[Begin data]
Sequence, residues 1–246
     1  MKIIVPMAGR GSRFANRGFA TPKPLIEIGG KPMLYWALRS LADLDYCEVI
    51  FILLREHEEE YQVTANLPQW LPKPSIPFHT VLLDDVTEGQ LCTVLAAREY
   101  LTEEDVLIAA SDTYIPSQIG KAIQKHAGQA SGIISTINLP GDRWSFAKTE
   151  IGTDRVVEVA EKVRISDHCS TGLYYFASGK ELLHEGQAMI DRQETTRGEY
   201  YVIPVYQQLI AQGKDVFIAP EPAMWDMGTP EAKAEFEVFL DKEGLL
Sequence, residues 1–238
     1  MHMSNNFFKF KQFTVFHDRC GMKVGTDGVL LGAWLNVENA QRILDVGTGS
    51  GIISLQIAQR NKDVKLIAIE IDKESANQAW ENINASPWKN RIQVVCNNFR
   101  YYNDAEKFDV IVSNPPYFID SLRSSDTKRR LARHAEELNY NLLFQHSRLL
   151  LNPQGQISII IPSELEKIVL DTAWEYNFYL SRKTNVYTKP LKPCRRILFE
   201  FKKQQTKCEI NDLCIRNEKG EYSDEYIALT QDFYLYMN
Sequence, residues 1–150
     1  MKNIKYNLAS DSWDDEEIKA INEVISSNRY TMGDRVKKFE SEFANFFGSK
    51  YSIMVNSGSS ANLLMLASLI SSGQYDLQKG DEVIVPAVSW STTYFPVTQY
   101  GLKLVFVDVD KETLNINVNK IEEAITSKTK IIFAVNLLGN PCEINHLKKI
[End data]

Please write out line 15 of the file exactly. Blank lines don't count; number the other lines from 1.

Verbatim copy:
    51  YSIMVNSGSS ANLLMLASLI SSGQYDLQKG DEVIVPAVSW STTYFPVTQY